Titel: Social Inclusion of People with Mental Illness
Autor/en: Julian Leff, Richard Warner
CAMBRIDGE UNIV PR
Juli 2006 - kartoniert - 192 Seiten
This book discusses the reasons for the social exclusion of people with mental illness.
Foreword; 1. Introduction: Barriers to social and occupational integration; 2. The course of psychoses; 3. The nature of stigma; 4. Poverty and social disadvantage; 5. Ameliorating users' symptoms; 6. Dismantling psychiatric institutions; 7. Reducing fear and discrimination among the public; 8. Tackling self-stigmatisation; 9. Overcoming obstacles to employment; 10. Economic obstacles to employment; 11. The spectrum of work programmes; 12. Social firms; 13. Innovative strategies; 14. Inclusion and empowerment of consumers.
Dr Julian Leff is a Fellow of the Royal College of Psychiatrists and a Fellow of the Academy of Medical Sciences. Since 1996, he has been the Co-ordinator of the Reintegration Working Group in the Global Programme Against Stigma and Discrimination Because of Schizophrenia. He is the author of numerous publications. Dr Richard Warner is the Medical Director of the Mental Health Center of Boulder County, Colorado. He is also Clinical Professor of Psychiatry and Adjunct Professor of Anthropology at the University of Colorado. He is the author of numerous publications and for the past ten years has been the co-ordinator of a major component of the World Psychiatric Association Global Programme Against Stigma and Discrimination Because of Schizophrenia.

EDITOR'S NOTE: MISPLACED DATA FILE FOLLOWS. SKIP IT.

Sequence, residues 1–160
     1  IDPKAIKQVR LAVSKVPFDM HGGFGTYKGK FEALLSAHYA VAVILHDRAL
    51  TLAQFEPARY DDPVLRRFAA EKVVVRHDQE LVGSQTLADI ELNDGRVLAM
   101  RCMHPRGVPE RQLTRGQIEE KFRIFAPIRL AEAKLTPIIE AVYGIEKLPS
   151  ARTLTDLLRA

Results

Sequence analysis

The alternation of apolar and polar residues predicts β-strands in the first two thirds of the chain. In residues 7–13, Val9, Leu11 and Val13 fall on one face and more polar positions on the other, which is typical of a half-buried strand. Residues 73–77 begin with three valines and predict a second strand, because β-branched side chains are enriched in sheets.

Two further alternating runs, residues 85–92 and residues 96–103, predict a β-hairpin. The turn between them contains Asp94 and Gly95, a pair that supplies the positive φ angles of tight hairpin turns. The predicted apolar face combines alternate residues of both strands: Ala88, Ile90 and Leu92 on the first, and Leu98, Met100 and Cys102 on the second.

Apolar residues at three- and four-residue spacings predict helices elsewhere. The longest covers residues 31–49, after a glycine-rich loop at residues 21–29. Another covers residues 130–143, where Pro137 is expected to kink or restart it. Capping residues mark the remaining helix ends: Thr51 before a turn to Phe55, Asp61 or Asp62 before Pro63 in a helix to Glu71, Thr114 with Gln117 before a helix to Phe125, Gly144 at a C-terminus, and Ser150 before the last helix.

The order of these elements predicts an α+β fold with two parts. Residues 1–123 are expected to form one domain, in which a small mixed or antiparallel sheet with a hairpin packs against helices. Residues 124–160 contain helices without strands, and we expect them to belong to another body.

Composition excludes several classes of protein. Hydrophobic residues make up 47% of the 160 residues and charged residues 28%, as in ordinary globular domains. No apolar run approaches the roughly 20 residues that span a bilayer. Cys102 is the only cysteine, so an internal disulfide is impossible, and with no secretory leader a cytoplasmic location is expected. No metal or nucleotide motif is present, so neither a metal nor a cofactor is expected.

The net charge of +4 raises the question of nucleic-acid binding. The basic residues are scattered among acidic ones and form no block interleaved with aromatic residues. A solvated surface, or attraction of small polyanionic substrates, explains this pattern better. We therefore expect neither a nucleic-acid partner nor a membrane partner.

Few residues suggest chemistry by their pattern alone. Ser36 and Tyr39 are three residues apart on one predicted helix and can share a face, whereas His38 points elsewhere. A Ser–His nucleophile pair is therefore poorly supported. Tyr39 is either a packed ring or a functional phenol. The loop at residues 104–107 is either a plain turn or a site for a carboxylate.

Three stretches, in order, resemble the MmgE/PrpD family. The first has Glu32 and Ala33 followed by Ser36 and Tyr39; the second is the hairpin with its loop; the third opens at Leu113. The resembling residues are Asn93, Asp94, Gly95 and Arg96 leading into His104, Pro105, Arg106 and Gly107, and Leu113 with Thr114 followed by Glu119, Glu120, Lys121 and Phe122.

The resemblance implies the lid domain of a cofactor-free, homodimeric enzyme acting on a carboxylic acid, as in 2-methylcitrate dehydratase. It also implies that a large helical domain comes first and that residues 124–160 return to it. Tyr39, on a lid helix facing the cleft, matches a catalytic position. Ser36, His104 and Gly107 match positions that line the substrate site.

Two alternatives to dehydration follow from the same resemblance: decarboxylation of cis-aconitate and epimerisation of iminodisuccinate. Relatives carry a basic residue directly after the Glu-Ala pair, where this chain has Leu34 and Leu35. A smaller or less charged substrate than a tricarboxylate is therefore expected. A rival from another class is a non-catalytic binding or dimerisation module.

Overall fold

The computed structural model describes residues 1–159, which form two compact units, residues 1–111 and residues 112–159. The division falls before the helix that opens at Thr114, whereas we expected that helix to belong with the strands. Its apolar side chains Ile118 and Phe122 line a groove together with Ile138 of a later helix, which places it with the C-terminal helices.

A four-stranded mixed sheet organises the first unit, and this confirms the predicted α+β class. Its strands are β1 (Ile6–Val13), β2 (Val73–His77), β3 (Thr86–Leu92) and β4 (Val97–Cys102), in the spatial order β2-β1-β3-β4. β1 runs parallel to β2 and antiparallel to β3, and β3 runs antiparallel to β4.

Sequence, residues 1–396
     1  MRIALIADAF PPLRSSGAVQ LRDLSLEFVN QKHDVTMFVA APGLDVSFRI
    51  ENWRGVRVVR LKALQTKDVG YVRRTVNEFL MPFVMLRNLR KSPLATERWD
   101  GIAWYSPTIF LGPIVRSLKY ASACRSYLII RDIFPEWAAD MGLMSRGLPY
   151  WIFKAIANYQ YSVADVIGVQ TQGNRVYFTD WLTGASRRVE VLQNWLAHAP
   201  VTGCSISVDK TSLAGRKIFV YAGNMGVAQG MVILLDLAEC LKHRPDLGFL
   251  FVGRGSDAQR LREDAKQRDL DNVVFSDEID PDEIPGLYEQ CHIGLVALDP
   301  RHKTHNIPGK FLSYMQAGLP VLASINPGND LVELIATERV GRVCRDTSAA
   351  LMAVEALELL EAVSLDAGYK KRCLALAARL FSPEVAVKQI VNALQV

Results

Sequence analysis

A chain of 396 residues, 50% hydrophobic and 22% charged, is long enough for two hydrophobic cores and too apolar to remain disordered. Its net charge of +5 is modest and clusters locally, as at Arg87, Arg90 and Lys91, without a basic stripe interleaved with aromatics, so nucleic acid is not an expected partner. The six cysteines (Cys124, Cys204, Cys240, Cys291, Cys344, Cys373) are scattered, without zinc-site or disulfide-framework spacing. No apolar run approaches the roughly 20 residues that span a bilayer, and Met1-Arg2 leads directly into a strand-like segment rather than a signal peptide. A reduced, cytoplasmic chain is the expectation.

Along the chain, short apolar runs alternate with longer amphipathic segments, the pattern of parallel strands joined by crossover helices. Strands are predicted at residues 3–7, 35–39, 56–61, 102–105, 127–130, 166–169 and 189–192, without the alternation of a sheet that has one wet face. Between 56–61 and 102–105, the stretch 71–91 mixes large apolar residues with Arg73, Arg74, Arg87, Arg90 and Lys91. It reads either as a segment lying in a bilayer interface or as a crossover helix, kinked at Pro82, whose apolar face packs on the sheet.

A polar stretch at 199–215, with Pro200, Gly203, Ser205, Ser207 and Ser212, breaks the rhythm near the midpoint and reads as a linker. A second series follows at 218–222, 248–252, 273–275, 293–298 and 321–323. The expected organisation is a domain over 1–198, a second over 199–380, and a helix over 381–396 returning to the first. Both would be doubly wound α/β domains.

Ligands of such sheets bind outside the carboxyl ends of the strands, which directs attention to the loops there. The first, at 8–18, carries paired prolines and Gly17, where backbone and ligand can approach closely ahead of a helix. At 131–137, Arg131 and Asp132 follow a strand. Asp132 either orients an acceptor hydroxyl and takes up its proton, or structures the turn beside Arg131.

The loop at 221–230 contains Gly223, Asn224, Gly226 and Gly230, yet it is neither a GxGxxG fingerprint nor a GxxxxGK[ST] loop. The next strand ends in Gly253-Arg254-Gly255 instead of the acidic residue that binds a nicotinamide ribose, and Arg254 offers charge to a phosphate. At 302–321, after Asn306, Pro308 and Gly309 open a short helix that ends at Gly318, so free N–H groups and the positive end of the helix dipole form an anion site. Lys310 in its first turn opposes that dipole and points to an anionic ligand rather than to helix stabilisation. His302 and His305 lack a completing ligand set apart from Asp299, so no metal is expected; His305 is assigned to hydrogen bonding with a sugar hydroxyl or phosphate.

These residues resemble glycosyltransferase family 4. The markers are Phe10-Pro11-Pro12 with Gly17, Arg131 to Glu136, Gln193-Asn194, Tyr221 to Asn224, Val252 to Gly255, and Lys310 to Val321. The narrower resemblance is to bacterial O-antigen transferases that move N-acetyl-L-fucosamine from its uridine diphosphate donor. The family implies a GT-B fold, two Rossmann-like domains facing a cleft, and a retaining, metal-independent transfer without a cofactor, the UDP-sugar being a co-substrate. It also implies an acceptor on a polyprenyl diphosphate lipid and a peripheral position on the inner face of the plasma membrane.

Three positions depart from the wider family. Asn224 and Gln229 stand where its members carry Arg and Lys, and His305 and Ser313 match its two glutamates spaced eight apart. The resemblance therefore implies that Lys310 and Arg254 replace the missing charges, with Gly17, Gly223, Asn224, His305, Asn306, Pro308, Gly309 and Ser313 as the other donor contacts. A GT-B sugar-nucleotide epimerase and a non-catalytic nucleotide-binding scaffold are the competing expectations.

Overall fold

'It covers in a comprehensive way the most important issues in the field. At the same time, it benefits from the authors' long-lasting clinical and research experience in mental health services ...' Acta Psychiatrica Scandinavica 'This is an excellent small book containing essential but rarely available information for psychiatrists and for all mental health stakeholders including service users and families ... it combines a discussion of important psycho-social deterimants of the disorders with well tested programs aimed at reducing their adverse impact and facilitate the full social integration of the service user. Beyond the description of facts arising from hard data, and not mere impressions, what is outstanding throughout the book is the repeated presence of themes and concepts that reinstate human rights values into a psychiatric practice that has pivoted around the power of the clinician and disempowered the user ...this book suits the needs of all mental health stakeholders. For a psychiatric resident it is, simply, a must.' Israel Journal of Psychiatry & Related Sciences 'Julian Leff and Richard Warner are two of the key voices in contemporary social psychiatry. ... a valuable introduction to anyone involved with severe mental illness, but has a wealth of detail for the specialist reader. ... This is an excellent book, written with great compassion and with an emphasis on the person, citizenship and solutions.' The British Journal of Psychiatry '... an excellent resource for clinicians, social activists, family members and consumer advocacy groups. The book is well written, replete with primary references, as well as illuminating glimpses into the lives of consumers ... the authors address the topics in a respectful manner and clearly held a well-stated and justified position for social reform. Leff and Warner are cutting-edge and articulate as they delineate the steps that are required to make further progress in the area of community integration for the seriously mentally ill' those with psychoses, schizophrenia and bipolar ... An exciting aspect of the book is its cross-cultural viewpoint and global emphasis ...' Community Mental Health Journal '... a realistic and optimistic model for the social integration of people with mental illness, well informed by historical context, empirical findings and service-user perspectives. I would recommend this book to those who are interested in the historical and economic factors behind social exclusion and particularly to anyone who is involved in the mental health services and is concerned about the social inclusion of those who have come to use them.' Journal of Mental Health